At the end of the room farthest from the doors thirty or forty men stood closely massed about a table. Idealizing that now was the time and this the place to strike, the deputies charged for the crowd. Instantly a clarion voice hushed the whispers of chivalry and the drone of business, and a pair of brawny arms seized Pyatt about the waist from behind, pinioning his arms to his sides. Some one else essayed the same form of attack upon Graham, but he broke away. “The deputies! The deputies!” screamed the voice. Pistols flashed into sight, and there was a rustle of skirts as the women whisked out into the corridor.
Meanwhile Graham had succeeded in drawing his own weapons, and, with a revolver in each hand, he plunged into the crowd about the table. Behind that human rampart, he believed, sat the judges, and it was his business to arrest them before they had time to mix with the rabble.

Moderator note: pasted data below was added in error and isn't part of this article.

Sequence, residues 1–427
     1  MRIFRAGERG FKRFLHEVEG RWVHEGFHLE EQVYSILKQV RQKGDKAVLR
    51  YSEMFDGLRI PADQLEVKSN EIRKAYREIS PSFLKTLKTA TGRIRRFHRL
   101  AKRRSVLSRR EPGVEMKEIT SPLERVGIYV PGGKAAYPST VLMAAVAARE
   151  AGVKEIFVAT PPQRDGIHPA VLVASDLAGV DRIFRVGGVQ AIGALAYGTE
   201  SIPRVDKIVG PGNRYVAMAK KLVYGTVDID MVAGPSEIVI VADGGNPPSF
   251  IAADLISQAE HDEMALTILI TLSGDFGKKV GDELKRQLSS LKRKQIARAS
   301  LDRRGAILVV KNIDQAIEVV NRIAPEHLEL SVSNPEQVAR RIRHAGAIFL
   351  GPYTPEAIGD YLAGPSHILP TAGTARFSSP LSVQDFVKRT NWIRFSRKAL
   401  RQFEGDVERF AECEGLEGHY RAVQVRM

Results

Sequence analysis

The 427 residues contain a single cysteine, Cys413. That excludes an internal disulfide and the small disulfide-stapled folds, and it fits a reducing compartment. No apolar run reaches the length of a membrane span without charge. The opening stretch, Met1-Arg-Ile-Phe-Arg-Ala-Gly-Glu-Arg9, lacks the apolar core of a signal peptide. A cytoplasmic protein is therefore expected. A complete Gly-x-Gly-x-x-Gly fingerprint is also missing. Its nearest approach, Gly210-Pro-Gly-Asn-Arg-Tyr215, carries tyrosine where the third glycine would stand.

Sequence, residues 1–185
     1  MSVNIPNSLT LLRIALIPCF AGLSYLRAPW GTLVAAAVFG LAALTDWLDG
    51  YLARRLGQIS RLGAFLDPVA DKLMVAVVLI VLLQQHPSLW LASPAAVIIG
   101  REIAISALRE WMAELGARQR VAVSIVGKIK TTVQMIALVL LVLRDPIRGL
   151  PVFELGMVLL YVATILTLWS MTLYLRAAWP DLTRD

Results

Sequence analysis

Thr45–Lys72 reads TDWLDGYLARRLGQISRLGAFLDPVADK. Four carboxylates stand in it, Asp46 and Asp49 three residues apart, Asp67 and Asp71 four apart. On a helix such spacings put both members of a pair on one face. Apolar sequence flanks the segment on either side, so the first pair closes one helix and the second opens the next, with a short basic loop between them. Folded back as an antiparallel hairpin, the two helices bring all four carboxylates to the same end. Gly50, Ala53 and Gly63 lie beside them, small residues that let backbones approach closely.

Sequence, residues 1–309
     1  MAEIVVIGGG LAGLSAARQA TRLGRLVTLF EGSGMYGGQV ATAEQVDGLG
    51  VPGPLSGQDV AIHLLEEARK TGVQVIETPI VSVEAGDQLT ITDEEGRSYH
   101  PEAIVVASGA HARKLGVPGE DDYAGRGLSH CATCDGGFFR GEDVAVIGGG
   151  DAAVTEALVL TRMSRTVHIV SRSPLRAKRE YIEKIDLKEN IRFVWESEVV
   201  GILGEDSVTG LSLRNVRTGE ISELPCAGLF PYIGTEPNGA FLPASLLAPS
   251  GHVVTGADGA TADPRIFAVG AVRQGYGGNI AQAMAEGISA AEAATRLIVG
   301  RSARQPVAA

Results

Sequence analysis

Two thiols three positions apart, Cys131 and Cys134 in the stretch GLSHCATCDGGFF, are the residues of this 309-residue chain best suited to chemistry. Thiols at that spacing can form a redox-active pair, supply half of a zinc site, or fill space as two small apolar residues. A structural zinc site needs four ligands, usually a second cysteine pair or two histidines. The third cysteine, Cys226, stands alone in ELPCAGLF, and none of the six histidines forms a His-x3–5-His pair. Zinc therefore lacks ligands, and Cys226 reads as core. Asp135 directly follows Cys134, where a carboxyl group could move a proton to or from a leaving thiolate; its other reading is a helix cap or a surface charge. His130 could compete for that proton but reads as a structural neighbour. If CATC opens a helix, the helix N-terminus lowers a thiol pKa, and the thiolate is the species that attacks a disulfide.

He was surprised at the ease with which he accomplished it. The crowd separated before him like the Red Sea under the rod of Moses; the clock on the wall had ticked less than five times since the alarm was given, and there, serenely occupying the chairs which stand for the “county bench,” sat his quarry.
“Gentlemen, you are my prisoners!” he cried. “Throw up your hands!” And then to the crowd: “Men, move back and give us room! Stand back!”